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Can a pre-commit Git hook zip a directory and add it to the repository?

I'm doing development on a Wordpress plugin. My development directory contains a lot of development-specific stuff (e.g. Grunt files, Sass files, the git repository itself, etc.).

Obviously, I don't want to distribute this folder containing all of those development files; people don't want a few MB of Grunt files when they download my Wordpress plugin.

Up until now, though, my "release" process has been cumbersome:

  1. Commit the Git changes
  2. Zip the entire folder
  3. Open the zip file and delete the .git folder, grunt files, and all the other development-specific files
  4. Release the new zip

I don't know the best way to accomplish this, but I'm very vaguely familiar with Git hooks, and I had this thought: could I set up a Git hook that would zip ONLY the needed production files into a ZIP file and store it with the repo? That way, every time I commit it would automatically create a new release ZIP.

Is that possible? If so, could someone point me in the right direction?

Oh also, I'm on Windows (・_・;). So I'm hoping that there's a way to do it on Windows.

like image 920
Pete Avatar asked Jan 08 '23 23:01


1 Answers

I can't speak for Windows, but:

  1. It's technically possible to do that sort of thing in a pre-commit hook.
  2. Don't.

A pre-commit hook that modifies "what you will commit" is annoying (if nothing else, it violates the "rule of least astonishment", where your version control system simply stores the versions you tell it to store). Apart from that, storing large pre-compressed binaries interferes with git's attempt to save space in pack files, and will cause rapid repository bloat, poor performance, running out of memory, and so on. A ZIP-archive is a pre-compressed binary and hence will behave badly.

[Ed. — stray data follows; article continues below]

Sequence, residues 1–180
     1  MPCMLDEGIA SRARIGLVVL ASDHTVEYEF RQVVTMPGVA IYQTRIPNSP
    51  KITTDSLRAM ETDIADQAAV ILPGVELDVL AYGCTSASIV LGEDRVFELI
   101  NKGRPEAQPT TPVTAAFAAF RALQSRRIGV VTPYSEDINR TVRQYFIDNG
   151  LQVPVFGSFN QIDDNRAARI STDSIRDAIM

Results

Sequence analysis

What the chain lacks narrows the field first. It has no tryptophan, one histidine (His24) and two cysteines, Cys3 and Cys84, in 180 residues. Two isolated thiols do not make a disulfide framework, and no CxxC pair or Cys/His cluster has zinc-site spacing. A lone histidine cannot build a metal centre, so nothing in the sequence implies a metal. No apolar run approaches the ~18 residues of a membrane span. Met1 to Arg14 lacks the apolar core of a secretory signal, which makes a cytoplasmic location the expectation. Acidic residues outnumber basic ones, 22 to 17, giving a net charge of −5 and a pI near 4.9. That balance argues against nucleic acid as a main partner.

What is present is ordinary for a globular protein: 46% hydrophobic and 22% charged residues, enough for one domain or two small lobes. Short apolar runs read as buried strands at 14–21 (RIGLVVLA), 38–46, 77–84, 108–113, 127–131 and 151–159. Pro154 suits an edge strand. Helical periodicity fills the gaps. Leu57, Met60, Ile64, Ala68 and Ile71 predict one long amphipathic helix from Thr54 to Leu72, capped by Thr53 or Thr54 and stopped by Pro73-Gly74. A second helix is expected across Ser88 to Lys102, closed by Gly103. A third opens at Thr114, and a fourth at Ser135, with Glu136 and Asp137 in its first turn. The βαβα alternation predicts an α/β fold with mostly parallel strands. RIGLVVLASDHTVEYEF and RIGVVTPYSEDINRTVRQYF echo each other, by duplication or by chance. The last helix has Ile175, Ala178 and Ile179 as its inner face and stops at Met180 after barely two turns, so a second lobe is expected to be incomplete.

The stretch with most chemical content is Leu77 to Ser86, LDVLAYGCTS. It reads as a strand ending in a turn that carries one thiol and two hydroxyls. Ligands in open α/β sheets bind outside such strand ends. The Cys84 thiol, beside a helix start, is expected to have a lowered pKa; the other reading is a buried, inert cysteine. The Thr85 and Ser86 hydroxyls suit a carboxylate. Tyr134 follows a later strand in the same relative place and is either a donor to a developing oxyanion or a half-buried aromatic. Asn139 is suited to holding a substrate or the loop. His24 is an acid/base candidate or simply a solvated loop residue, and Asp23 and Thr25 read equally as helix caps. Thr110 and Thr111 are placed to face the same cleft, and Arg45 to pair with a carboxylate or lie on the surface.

In general, a more reasonable "hook-y" way to handle releases is to set up a "release server" to which you push new releases, and have the push trigger the archive-generation. (There are ways to do this without a separate server / repository, and you can do it in a more pull-style fashion, but the push-style is easy to illustrate.)

[Edit: I had originally considered git archive but did not realize you could get it to exclude files conveniently, so wrote up the below instead. So, jthill's answer is better and should be one's first resort. I'll leave this in place as an alternative for some case where for some reason, git archive might not do.]

For instance, here's a server-side post-receive hook code fragment that checks whether a branch whose name matches release* has been pushed-to, and if so, invokes a shell function with the name of the branch (once for each such branch):

#! /bin/sh


    local oldsha newsha fullref shortref
    local optype

    while read oldsha newsha fullref; do
        case $oldsha,$newsha in
        $NULL_SHA1,*) optype=create;;
        *,$NULL_SHA1) optype=delete;;
        *)            optype=update;;
        case $fullref in

        case $optype,$reftype,$shortref in
            do_release $shortref;;


(much of the above is boilerplate, which I have stripped down to essentials). You would have to write the do_release function, which might resemble (totally untested):

    local tmpdir=/tmp/build.$$ # or use mktemp -d

    # $tmpdir/index is git's index; $tmpdir/t is the work tree
    trap "rm -rf $tmpdir; exit 1" 1 2 3 15
    rm -rf $tmpdir
    mkdir $tmpdir/t

    GIT_INDEX_FILE=$tmpdir/index GIT_WORK_TREE=$tmpdir/t git checkout $1

    # now clean out grunt files and make zip archive
    (cd $workdir/t; rm -rf grunt; zip ../t.zip .)

    # put completed zip archive in export location, name it
    # based on the branch name
    mv $workdir/t.zip /place/where/zip/files/live/$1.zip

    # clean up temp dir now, and no longer need to clean up
    # on signal related abort
    rm -rf $tmpdir
    trap - 1 2 3 15
like image 53
torek Avatar answered Jan 23 '23 02:01